Get InQueensland in your inbox Subscribe

Hundreds of hidden casualties as surgery, transplants cancelled


Australia is set to get sicker, the rate of disability will increase, and chronic illness and disease may claim more lives if the health system needs to focus on the pandemic long-term.

Print article

In Queensland alone, tens of thousands of lower-category elective surgery bookings have already been put on hold indefinitely, although Health Minister Steven Miles saw the coming wave of COVID-19 and pushed through more surgery early in the outbreak. Private hospitals may yet be called on to deal with the backlog, but if the outbreak cannot be contained it may take years for waiting lists to recover.

Specialist and GP appointments have become tougher to make and sometimes even challenging to attend, despite landmark changes to Medicare rebates to facilitate and fund telehealth. People who are unable to travel, or who don’t have access to technology or even to a doctor that does, are at a distinct disadvantage. Even pharmacies have been affected, partly due to drug shortages.

There has never before been a disruption to Australian health services on this scale, nor such a cooperative response from governments. Yet the billions of dollars spent saving tens of thousands of lives from the novel coronavirus – Queensland alone faced 30,000 deaths without action – does not mean there will not be casualties elsewhere.

In public and private hospitals, Intensive Care Units are being prepared, and bolstered, for an anticipated influx in COVID-19 cases.

That means even potentially life-saving organ transplants have been suspended, partly due to the risk that coronavirus poses to recipients during their recovery. By the end of March, various kidney and kidney-pancreas transplant programs had come to a halt, while liver, lung, paediatric and multi-organ transplants were restricted to those patients likely to die within four months without it.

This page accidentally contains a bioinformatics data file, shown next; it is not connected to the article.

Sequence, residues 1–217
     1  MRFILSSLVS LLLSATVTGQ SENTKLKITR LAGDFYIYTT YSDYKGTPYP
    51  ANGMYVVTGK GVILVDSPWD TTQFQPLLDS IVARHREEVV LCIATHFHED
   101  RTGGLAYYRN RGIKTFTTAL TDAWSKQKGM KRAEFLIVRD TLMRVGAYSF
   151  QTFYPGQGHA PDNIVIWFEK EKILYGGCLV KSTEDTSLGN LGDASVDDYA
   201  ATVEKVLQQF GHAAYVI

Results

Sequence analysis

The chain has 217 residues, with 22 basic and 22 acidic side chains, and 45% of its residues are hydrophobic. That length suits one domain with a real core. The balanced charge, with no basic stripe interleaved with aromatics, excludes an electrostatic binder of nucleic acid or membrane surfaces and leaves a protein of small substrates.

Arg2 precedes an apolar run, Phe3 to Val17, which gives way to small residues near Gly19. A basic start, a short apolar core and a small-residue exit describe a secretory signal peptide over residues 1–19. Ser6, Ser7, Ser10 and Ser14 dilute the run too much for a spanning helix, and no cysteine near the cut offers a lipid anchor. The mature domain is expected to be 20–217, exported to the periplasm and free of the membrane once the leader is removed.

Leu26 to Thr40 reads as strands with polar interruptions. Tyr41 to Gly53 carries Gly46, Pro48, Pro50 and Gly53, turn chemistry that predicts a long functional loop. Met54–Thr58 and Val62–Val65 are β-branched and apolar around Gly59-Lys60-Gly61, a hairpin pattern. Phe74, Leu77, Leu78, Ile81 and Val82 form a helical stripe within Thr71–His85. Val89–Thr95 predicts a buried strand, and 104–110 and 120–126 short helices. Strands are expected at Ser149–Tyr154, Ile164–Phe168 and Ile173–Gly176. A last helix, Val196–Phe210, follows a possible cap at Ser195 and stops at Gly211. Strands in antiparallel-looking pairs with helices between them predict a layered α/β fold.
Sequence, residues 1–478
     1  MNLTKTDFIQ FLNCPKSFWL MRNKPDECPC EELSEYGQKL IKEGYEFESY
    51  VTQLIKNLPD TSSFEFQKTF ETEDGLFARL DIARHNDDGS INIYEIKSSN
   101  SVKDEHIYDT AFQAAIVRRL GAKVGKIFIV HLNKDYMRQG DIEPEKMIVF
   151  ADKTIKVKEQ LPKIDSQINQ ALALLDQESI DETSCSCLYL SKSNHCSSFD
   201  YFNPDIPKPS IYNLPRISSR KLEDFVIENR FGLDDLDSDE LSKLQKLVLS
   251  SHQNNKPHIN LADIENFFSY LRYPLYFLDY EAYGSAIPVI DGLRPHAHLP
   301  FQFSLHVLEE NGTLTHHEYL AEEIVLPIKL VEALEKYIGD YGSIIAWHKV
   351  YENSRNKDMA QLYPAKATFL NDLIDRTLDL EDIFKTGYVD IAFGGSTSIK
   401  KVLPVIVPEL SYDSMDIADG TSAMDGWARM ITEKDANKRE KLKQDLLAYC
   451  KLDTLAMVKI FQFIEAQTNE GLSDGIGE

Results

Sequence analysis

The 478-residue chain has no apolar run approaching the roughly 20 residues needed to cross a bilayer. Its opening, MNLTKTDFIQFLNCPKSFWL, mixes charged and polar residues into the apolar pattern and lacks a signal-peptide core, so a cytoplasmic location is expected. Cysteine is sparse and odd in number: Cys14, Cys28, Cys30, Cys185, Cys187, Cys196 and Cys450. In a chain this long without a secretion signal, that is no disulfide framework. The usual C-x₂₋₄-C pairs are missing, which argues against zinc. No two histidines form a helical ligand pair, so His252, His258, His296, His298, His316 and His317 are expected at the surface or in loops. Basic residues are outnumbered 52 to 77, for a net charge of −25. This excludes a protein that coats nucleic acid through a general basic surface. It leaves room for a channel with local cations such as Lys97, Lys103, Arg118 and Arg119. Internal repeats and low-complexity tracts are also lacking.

At a meeting this week, the Australian Health Protection Principal Committee made clear life-saving transplants should still go ahead, and medical retrieval teams still travel to obtain suitable organs, but additional precautions should be taken at all stages of the process.

“The expected increased burden on ICU beds during the COVID-19 pandemic poses a risk to availability for recipients post-operatively,” the committee warned.

“The immunosuppressed transplant recipient may also be exposed to the SARS-CoV-2 which increases the risk of being infected or developing severe illness. It is suspected, but not established that COVID-19 may increase mortality in transplant recipients.”

COVID-19 poses a greater threat to older people or those with chronic illnesses such as diabetes or hypertension. It remains to be seen whether those who recover from COVID-19 are left with lasting impairments, or in worse condition than before. Even before the pandemic, Australia’s ageing population, and increase in chronic disease, appeared to be slowing life expectancy gains.

Surge planning in Queensland relies on people who are able to look after themselves at home, with necessary support, to do so in the event of COVID-19 diagnosis. However, for the broader community, social isolation may also compound the economic impact of the pandemic.

An Australian study of the Chinese experience of lockdowns and job losses, published in the journal Psychiatry Research, found people reported their mental and physical health had deteriorated. Several Australian health groups have urged people not to neglect pre-existing conditions, and to retain a good diet and exercise where possible, however the consensus seems to be that it is appropriate for governments and health authorities to focus on COVID-19 given the potential for widespread disaster.

On Thursday, Miles announced the Queensland Government would purchase the Mater Private Hospital in Gladstone, initially to provide a dedicated COVID-19 ward of 34 beds and an intensive care unit of up to 12 beds.

That is despite only three of the 33 patients currently in hospital with COVID-19 being north of the Sunshine Coast. As of Thursday, there had been 953 cases in Queensland – 123 from returning cruise ships – and 372 had recovered, however authorities are demanding restrictions and social distancing continue to limit the spread.

“It’s now more than 10 weeks since our first case of COVID-19 here in Queensland and the fact that overnight we’ve only had 10 additional, positive cases is really quite an incredible result and a credit to all Queenslanders,” Miles said.

“But we need to keep it up.”

More News stories

Loading next article